Jasmine Harman, who took part in the first-ever Veganuary in 2014, says: “I feel very proud and very privileged to have been with Veganuary from the start and to be one of their Ambassadors.”
Joining as an Ambassador for 2022, Deborah Meaden says: “Taking part in Veganuary helped me change how I eat, and now my diet is the best for animals, the planet and for me. If the climate crisis, animal suffering or the loss of wild places and species concerns you, sign up, take part and let Veganuary help you, too.”
Peter Egan, who took part in 2016, says: “The first thing which is wonderful about Veganuary is that there is no pressure. So you can, if you like, say ‘ok I’m only going to do it for January’. I’d be very surprised if you decide to do it for January and then not do it for February because it is such an exciting and interesting way of living in terms of foods. So, I think it’s a wonderful imperative. And one that, of course, I totally support and I’m very, very happy to be an Ambassador for.”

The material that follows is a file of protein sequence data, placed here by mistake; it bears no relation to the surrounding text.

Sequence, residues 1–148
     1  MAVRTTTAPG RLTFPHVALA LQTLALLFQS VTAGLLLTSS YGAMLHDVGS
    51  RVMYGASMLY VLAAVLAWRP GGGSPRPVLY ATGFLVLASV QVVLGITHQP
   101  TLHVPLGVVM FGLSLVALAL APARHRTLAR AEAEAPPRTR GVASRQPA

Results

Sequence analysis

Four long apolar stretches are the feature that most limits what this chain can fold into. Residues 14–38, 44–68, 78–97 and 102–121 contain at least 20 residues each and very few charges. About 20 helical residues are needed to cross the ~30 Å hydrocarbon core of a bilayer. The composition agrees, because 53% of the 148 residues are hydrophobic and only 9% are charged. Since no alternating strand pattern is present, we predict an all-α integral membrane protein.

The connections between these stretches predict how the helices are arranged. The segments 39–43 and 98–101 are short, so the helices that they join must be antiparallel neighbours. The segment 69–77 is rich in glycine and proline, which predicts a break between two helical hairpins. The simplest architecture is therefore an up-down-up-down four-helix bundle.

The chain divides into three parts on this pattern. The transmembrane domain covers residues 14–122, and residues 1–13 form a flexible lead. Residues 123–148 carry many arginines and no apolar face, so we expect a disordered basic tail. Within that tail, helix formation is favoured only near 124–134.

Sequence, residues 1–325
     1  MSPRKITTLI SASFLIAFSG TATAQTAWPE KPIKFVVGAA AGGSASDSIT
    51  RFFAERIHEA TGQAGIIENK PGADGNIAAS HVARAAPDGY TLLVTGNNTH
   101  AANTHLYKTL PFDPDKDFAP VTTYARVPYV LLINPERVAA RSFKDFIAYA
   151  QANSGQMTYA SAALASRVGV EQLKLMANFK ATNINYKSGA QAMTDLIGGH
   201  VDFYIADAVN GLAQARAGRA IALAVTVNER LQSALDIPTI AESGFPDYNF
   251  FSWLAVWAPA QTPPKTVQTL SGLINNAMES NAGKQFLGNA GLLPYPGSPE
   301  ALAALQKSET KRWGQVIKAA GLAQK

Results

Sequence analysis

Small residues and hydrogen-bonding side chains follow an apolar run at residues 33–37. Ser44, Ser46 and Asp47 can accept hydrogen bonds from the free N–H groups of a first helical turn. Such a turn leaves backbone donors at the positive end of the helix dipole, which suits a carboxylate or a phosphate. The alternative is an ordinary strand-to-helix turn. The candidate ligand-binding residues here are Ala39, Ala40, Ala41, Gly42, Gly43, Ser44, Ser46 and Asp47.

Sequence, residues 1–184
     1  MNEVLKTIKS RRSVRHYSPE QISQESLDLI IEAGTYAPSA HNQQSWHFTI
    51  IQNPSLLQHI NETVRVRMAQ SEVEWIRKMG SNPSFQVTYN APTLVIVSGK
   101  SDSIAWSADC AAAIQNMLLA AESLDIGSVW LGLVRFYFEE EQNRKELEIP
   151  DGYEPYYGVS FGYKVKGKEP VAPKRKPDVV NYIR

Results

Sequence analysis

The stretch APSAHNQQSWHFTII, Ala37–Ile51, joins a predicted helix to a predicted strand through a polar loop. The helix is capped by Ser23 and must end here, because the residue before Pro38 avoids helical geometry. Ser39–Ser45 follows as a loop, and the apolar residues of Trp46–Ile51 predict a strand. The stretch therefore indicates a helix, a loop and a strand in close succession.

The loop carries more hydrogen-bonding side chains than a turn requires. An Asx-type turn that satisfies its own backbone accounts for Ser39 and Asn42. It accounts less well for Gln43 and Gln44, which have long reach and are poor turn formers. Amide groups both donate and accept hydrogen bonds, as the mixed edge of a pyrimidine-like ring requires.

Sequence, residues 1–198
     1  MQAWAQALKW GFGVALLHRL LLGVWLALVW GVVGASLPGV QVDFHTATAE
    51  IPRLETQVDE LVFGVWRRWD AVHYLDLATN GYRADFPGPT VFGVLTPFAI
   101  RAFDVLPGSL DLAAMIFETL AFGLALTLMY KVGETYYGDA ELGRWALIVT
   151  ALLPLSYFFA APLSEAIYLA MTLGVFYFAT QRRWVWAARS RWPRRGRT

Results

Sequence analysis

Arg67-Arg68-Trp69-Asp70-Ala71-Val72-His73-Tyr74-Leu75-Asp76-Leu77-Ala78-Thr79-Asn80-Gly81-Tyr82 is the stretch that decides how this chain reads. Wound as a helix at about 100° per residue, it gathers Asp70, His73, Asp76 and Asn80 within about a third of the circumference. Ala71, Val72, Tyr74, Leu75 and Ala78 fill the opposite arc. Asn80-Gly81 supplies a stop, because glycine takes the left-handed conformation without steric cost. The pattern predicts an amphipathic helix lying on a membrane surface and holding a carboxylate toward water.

Forged on a kitchen table in York by a husband-and-wife team, Veganuary has made newspaper and TV headlines around the world – from front page of the Times and New Scientist to features in the Washington Post, New York Times and South China Morning Post.
The organisation now has campaign hubs in seven countries – UK, US, Germany, Chile, Argentina, Brazil and India – and has welcomed participants from every country in the world except North Korea and Vatican City. For some the experience was life-changing – including a Devon woman who lost seven stone and went from couch potato to triathlete; a 70-year-old in California who’s lowered her blood pressure, cholesterol and no longer registers as pre-diabetic; and a woman in Eswatini who’s started her own vegan mail order company to help other people take on the challenge as well.
Veganuary is free to join, and people can sign-up at veganuary.com to receive 31 daily emails packed with nutritional info, delicious recipes, easy meal plans and helpful advice.